Friday, 06 February 1987 Washington, DC
THE STAGE IS SET FOR THE RETURN OF THE UNITED STATES TO
UNESCO if it wishes, following the decision of the current
Director General, Amadou M'Bow, not to seek another term. The
US, later joined by the UK, withdrew from UNESCO on 31 Dec 84,
when M'Bow's only response to demands for political and financial
reform was to hire a Washington public relations firm (WN 17 Aug
84). Between them, the US and the UK carried off about a third
of UNESCO's financial support. At the time of the withdrawal,
the Administration gave its assurance that the funds that had
been going to UNESCO would be redirected to other international
projects, but that never materialized (WN 1 Mar 85). Physicists
have been particularly concerned about the impact on the Center
for Theoretical Physics in Trieste, which is dependent on UNESCO
for much of its support. Now it appears that the director of the
CTP, Abdus Salam, who shared the 1979 Nobel Prize in physics, has
been nominated by Italy to replace M'Bow. Others reportedly
seeking the job include former Canadian Prime Minister Elliot
Trudeau, as well as former Prime Ministers of Australia and
Pakistan. The White House is engaged in an internal debate over
whether to support Salam, who is committed to reform of UNESCO.
The real issue, however, is whether the US seized on the inept
management of UNESCO merely as a convenient pretext to reduce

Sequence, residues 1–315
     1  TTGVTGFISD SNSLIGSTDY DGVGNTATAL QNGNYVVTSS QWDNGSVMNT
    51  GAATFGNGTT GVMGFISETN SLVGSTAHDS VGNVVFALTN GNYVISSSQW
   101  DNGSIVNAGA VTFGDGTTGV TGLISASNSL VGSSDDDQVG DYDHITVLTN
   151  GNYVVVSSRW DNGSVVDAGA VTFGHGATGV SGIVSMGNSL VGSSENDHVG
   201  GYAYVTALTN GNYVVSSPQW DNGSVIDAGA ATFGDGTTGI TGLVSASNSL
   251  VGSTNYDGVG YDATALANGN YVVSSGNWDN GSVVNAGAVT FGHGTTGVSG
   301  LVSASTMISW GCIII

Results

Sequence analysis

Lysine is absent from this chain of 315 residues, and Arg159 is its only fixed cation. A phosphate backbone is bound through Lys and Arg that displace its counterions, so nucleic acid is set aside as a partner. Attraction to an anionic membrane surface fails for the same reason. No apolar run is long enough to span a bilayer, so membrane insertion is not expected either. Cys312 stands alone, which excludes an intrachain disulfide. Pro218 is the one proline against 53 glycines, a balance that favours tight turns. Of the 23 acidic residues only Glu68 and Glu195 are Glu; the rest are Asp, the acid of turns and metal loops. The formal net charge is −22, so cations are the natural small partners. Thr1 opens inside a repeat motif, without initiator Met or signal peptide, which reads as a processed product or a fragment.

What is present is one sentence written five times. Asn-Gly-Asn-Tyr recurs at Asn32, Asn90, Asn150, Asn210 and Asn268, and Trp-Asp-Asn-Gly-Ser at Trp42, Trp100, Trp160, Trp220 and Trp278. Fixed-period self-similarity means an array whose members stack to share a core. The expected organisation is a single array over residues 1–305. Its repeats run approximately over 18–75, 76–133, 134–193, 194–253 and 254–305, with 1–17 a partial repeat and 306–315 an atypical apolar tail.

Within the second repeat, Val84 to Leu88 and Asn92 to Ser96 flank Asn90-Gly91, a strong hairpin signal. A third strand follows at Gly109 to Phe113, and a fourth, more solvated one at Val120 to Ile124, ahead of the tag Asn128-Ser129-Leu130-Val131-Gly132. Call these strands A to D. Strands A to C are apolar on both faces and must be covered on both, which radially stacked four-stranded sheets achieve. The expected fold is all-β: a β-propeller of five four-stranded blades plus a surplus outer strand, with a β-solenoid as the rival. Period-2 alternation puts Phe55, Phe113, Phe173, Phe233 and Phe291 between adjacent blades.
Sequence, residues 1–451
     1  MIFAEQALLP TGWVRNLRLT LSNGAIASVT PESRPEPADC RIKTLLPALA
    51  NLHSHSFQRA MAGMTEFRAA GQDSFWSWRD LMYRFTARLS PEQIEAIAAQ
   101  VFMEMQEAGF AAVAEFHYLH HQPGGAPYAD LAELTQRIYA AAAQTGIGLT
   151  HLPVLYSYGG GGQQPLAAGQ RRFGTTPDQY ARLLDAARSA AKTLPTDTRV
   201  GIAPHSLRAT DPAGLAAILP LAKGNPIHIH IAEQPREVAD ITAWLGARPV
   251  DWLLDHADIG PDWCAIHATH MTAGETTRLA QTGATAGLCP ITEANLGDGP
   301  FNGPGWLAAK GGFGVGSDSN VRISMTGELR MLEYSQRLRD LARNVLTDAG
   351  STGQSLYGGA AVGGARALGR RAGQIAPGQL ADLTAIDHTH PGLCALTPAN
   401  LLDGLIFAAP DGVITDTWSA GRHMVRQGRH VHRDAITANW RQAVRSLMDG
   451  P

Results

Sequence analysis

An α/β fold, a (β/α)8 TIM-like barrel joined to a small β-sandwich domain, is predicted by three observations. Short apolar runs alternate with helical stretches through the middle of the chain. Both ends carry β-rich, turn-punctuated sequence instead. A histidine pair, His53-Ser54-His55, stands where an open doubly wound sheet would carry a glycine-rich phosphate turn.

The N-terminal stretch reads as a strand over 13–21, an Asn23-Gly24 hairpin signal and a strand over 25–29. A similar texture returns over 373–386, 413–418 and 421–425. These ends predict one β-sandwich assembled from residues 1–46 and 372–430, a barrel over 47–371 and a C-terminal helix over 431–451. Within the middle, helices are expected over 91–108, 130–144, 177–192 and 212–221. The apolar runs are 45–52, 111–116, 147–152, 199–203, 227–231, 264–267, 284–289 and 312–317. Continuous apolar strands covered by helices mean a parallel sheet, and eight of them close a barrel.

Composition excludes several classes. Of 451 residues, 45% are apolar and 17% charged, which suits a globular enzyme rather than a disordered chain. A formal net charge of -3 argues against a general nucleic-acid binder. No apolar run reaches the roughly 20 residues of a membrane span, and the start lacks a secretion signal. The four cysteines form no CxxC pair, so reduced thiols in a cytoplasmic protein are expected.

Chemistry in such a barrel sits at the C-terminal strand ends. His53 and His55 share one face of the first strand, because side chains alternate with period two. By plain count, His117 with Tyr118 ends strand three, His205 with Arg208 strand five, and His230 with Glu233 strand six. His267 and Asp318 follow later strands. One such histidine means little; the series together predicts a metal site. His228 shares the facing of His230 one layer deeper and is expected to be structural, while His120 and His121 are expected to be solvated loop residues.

involvement in international science.
. THE NATIONAL SCIENCE FOUNDATION POLICY ON INTERNATIONAL
AFFAIRS is now seen as a complement to its domestic programs.
The NSF test for international activities is whether benefit can
be shown for US science. Four years ago, concerned that the
scientific infrastructure of some countries of Latin America was
threatened by the severe dollar shortage, the American Physical
Society submitted a proposal to the NSF for assistance to
scientists in these countries in the form of subscriptions to US
journals, page charges for published articles, spare parts for
equipment, and per diem support for scientific visits to the US.
The NSF approved $300K for this purpose, with half of the funds
coming from the DoE. By arrangement with DoE, the funds have
been administered out of Fermilab at no cost to the grant. The
program, which has been enormously beneficial, is now nearly
depleted. The sensitivity in the NSF director's office to the
infrastructure problem in Latin America, however, no longer
exists, and there is little prospect for such a grant today.
3. INTERNATIONAL COOPERATION IN SCIENCE
is, however, a major
concern of the House Committee on Science, Space and Technology,
which has created a new subcommittee under the chairmanship of
Rep. Ralph Hall (D-TX) to deal with it. Rep. Manuel Lujan
(R-NM), the ranking minority member on Science, Space and
Technology, has been pushing the Committee in this direction.
During hearings on Wednesday on the effect of export controls on
American competitiveness, Lujan sharply questioned members of the
Allen panel (WN 16 Jan 87) on why Latin America had been
neglected in their study.